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Book Jacket

192 pages
Sep 2004
WaterBrook Press

The Art of Being

by Constance Rhodes

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Seeking the Art of Being?

Constance Rhodes

Behind every creative venture is a story, and this book is no different. So before I tell you about how this project came to be, I’d like to set the stage by sharing with you a little of my own journey toward seeking “the art of being.”

In August 2000 I left my busy marketing job at a large Christian record label in Nashville, Tennessee. When making the rounds to say good-bye to my associates of six years, I realized I must have sounded a little silly when I explained my reason for leaving: “I’m going to stop doing and just ‘be’ for a while.”

My coworkers must have scratched their heads on hearing that one. All I had done during my short time there was chase my way up the ladder. I was so set on becoming VP (of anything) that I slaved away willingly, giving my job top priority in my life. It’s not as if I wasn’t doing a lot of good; I was helping promote positivethemed music and artists in whom I truly believed. But stripped down to pure motive, I had to admit that my passion for my job had less to do with the ministry aspect of what I was doing and more to do with proving my value through my achievements. In addition, my natural tendency to focus on my appearance as a measure of my worth had been pushed into overdrive as I assumed even more responsibility to “look the part” of a successful career woman in the entertainment industry. So while there were many things I truly loved about my job, my life as a whole was out of balance, and I was going so fast that I was missing the most thrilling part: the journey. It was time for a change.

I had first started thinking about slowing down several years earlier when my husband and I were in London visiting his mother. Holed up in the hotel room with a bad case of the flu, I flipped through the television channels and came upon a documentary about downshifting—that is, going from an intense, challenging work environment to one that leaves a little room for life at the end of each day and on weekends. At the time I wasn’t even close to attaining my career aspirations, and it was hard to imagine ever making such a bold move. Even so, this concept embedded itself in my brain and left me longing for the time when I, too, could downshift.

Five years later the time had arrived. For several months I had felt a stirring in my soul that continued to grow stronger with each passing day. God was doing some deep heart work on me at the time, leading me on a journey toward freedom from a lifelong obsession with performance, appearance, and achievement. During those months little signs kept popping up—small but significant indications that God was on the move in my life. I received phone calls from friends and family I hadn’t heard from in a while—each asking about passions and dreams I had put on the back burner while I climbed the corporate ladder. I had conversations with new friends that inspired me to take a deeper look at my life and purpose. And then there was the day I discovered a journal from my college years. Written in its pages was my vision for starting a ministry to help others break free from disordered eating—a vision I had forgotten about for nearly a decade even as I was fighting my own demons in that area.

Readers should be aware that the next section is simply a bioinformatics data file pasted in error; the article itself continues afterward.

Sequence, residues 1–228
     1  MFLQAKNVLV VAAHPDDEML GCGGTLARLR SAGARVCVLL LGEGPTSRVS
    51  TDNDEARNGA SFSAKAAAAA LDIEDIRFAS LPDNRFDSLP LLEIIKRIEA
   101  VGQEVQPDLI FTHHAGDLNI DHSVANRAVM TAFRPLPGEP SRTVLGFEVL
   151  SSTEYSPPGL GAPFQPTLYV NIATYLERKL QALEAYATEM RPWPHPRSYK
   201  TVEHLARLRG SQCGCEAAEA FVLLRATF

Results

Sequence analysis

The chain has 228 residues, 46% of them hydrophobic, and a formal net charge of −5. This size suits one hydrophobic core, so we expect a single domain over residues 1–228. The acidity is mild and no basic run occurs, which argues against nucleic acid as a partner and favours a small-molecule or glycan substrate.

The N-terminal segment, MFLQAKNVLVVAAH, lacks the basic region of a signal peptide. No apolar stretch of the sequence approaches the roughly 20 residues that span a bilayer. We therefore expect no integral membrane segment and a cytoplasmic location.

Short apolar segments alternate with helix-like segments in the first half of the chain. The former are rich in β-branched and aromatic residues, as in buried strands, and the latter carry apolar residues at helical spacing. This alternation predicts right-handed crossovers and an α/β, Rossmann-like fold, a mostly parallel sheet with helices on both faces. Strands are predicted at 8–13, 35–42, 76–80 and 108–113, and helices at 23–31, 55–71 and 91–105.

Each little sign by itself would not have meant much, but added together, these signs were beginning to paint a picture. On a hot July day in New Orleans during a business trip, the message became clear. I was in my hotel room taking a breather between meetings, when all of a sudden I sensed that it was time for me to leave my job. At first I wrestled with this feeling, wondering what was so significant about that particular moment. Why hadn’t I felt “released” to leave sooner? I had been itching for change for quite some time and had even busied myself with interviews at other companies, trying to find my next rung on the ladder to the top. But at that moment in my hotel room, I realized that God had a different plan. The whole point was that I was supposed to leave this job and not jump to the security of another one. It was as if God was whispering to me, “Don’t do; just be.” For someone wired to produce, this message was tough to grasp, but God’s timing was perfect, and I found myself ready to accept the challenge.

The next day I flew back to Nashville. As I waited for my belongings at baggage claim, I realized that I had absolutely no desire to go to the office, so I went home instead. That night I told my husband that I felt it was time to resign. A little surprised at the timing, since some of our financial plans would be affected by my decision, he nevertheless gave me his full support and encouraged me to follow my heart. That weekend I sought the counsel of several friends I’ve trusted over the years. Our conversations only served to reinforce my decision.

On Monday I did it. My resolve strengthened by caffeine and adrenaline, I bravely walked into my boss’s office and informed him that I was leaving. It must have been the high of the moment that got me through the day. As I began to see some surprising ramifications of my decision, I have to admit I was a little scared. But a mysterious peace enveloped my soul. Never before had I felt such freedom. Three weeks later I left the building for the last time. With my cardboard box full of memories in the back of my Honda, I was off on my journey to just “be” for a while.